Whether it’s called remote work, telecommuting, or working from home, the American workforce is craving more flexibility in how they get the job done. According to a recent report by FlexJobs, the amount of remote work has increased by 44% over the last five years. Factor in advances in technology, the rise of the “always on” generation, and the gig economy and it’s clear that remote work is the new “normal.”
Additionally, deploying a remote workforce is extremely beneficial in times of crisis. Fires, floods, pandemics, or even financial crises can put undue stress and constraints on companies, forcing them to pivot their business model to avert lost production. These crises can even cause a complete collapse. Doom and gloom aside, it’s advantageous for contact centers to not only consider a remote workforce, but ultimately build out a strategic plan that includes telecommuting as an option for worst case scenarios.
So, how can contact centers turn force majeure into esprit de corps? Let’s look at some advantages of a remote workforce along with our best tips for a successful deployment.
Increased continuity in the midst of a force majeure event
When disaster strikes a business, maintaining continuity is about as easy as picking the winning lotto numbers. Things are constantly in flux and keeping balance amongst helping employees and servicing customers becomes priority number one in order to keep the lights on. Having the ability to harness the power of a remote workforce can alleviate most, if not all, of the disconnect and keep things “business as usual.” This is especially true in times where local, state, or federal government issues mandatory evacuation orders or lock downs. Service disruptions may only affect your region, but most customers don’t have the foresight or frankly don’t care about a crisis that doesn’t concern them. We’ll dig deeper into best practices on implementing and deploying a remote workforce, but remember that planning and the right platform makes all the difference.
One of the biggest advantages of deploying a remote workforce is the cost savings due to a reduction in operating expenses. Remote teams obviously mean that a central office can either be downsized or possibly eliminated; this equates to huge savings like the $30 million in real estate costs AT&T saved through their telework program. Other CapEx that can be slashed include items like technology (computers, printers, etc.) and office furniture. Expenditures for operations such as insurance, administration overhead, or travel could be trimmed or outright removed.
Increased work-life balance
The average American may work only 34.4 hours per week, but if you consider time to get ready, soul crushing commutes, meetings, conferences, and working lunches, that number can skyrocket leading to employee burnout. Undoubtedly, that’s why 91% of respondents in a 2019 survey by OWL Labs stated that work-life balance was the biggest reason for working remotely. Trading in business casual for comfy clothes and miles of traffic for a 30-second walk to the home office not only increases morale but also can reduce stress by 80%.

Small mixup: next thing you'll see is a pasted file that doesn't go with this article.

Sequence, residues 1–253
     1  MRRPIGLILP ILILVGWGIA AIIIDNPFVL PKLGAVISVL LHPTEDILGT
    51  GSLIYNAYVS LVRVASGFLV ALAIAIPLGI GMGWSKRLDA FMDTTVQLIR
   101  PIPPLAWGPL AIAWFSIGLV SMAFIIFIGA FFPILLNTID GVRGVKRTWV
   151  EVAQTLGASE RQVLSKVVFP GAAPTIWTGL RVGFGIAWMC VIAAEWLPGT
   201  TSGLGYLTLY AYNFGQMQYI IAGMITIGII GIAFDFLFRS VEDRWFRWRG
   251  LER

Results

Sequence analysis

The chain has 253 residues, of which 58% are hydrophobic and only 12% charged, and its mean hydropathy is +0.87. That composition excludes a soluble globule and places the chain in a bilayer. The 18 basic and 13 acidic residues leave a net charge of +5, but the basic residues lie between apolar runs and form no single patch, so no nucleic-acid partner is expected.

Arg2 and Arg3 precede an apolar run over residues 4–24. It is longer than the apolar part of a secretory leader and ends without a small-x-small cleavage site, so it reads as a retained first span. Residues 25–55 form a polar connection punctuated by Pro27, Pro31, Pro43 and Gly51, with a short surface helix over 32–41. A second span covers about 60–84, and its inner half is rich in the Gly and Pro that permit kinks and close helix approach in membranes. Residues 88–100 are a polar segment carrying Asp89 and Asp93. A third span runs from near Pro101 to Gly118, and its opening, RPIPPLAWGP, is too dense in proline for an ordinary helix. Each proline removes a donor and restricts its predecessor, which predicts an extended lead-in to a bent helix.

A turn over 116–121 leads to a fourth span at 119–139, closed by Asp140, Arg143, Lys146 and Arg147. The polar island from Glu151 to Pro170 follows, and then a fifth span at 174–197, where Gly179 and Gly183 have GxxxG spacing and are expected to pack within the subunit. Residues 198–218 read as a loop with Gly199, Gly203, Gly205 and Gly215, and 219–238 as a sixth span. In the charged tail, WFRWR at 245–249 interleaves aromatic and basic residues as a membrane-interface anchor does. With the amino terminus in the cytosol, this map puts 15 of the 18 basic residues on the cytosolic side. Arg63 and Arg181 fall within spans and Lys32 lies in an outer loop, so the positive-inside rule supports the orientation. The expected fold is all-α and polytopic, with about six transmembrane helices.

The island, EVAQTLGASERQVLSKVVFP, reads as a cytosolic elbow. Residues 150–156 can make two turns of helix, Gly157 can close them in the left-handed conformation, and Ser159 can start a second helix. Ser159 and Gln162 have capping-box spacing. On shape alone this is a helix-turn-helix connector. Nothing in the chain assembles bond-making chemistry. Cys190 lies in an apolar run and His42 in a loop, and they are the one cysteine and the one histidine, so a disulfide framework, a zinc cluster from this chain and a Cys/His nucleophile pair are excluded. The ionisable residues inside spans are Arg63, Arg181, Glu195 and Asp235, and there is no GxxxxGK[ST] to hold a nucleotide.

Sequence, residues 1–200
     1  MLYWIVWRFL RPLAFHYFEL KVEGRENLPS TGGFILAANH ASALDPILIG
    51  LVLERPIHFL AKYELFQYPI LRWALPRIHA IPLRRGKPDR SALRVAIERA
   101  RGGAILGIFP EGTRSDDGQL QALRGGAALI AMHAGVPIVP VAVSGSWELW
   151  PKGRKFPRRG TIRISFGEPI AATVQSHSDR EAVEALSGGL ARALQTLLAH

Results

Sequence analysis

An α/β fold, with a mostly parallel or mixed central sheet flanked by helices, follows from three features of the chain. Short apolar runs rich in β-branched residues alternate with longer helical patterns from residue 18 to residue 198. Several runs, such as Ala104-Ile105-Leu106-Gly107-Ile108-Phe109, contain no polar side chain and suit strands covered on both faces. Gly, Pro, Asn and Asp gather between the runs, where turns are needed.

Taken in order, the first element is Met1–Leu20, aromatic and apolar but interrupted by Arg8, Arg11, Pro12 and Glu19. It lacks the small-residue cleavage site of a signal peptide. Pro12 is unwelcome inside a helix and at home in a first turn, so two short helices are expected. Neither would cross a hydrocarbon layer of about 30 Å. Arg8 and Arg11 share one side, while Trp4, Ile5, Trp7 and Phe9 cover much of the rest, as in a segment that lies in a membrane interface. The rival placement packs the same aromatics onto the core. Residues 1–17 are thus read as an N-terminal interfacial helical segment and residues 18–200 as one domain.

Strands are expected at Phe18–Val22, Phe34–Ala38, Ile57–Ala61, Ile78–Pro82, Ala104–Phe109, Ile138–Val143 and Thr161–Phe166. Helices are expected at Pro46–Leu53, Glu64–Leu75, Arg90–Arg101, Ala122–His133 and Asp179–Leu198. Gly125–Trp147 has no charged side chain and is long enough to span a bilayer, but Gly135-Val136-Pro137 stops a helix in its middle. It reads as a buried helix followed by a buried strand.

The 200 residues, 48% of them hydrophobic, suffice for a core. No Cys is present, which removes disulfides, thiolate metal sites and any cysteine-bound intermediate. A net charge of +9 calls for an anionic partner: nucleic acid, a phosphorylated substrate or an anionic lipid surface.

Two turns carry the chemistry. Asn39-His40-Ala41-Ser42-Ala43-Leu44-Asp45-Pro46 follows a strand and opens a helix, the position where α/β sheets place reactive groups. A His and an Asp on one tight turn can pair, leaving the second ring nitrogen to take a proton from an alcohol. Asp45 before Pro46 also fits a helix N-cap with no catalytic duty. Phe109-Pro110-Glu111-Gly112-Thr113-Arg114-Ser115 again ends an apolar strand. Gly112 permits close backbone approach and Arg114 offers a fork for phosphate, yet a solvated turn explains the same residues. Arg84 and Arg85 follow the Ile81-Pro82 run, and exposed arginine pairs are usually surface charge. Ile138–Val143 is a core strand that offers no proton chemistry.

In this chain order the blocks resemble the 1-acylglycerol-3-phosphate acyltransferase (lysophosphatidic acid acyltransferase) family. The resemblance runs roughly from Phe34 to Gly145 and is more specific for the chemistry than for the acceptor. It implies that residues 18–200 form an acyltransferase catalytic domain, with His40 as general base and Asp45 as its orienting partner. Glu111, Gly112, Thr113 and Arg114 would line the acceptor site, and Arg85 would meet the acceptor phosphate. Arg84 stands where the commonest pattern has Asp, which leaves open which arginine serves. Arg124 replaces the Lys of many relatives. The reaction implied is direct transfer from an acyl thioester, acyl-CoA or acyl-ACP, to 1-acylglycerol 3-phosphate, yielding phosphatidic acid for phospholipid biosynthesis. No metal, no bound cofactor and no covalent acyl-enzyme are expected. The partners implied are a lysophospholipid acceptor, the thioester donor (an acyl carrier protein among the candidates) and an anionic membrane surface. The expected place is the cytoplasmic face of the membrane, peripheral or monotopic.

Larger talent pool
Finding talented workers is a tough proposition for any HR professional, especially when unemployment is at historic lows. Factor in the geographic constraints of a centralized office, and that shrinking talent pool just became considerably smaller. By deploying a remote workforce, not only can businesses remove physical boundaries for their existing employees, but also attract better talent. In a 2019 study by the International Workplace Group, when faced with two similar job offers, 80% of applicants would turn down the one that didn’t offer flexible working. Furthermore, through a geographically diverse workforce, a company can pivot its business model to add or increase their localization strategy. Not to mention, adding remote agents on a global scale, in multiple time zones, can transform business hours from 9 to 5 into 24/7.
It may seem counterintuitive to think that an agent, donning their pajamas and surrounded by the creature comforts of home, could be more productive than a fast-paced office environment. However, in a 2013 study by Stanford, call center employees who volunteered to work from home saw their productivity increase by 13%. This rise was attributed to working more minutes per hour due to fewer breaks and sick days (9%) and more calls per minute because of a quieter workplace (4%).
Another productivity improvement can occur if remote agents can be managed as one central pool of agents or a “virtual contact center”. A call or interaction coming into a company can be routed to the best resource wherever that agent is, in the central office or home office. If a call or chat comes in requesting help with a TV, that interaction can be routed via skills-based routing to a TV specialist whether that person is in Salt Lake City or a home office in Singapore. All agents can be managed as if they were one central pool from an efficiency standpoint even if they are working remotely.
Additionally, a remote workforce removes most, if not all, of the water cooler gossip and toxic work environments created by office politics. If workers get caught up in the noise of coworker nonsense, it can lead to disengagement, and by some estimates can cost the economy $450 to $500 billion in lost profits.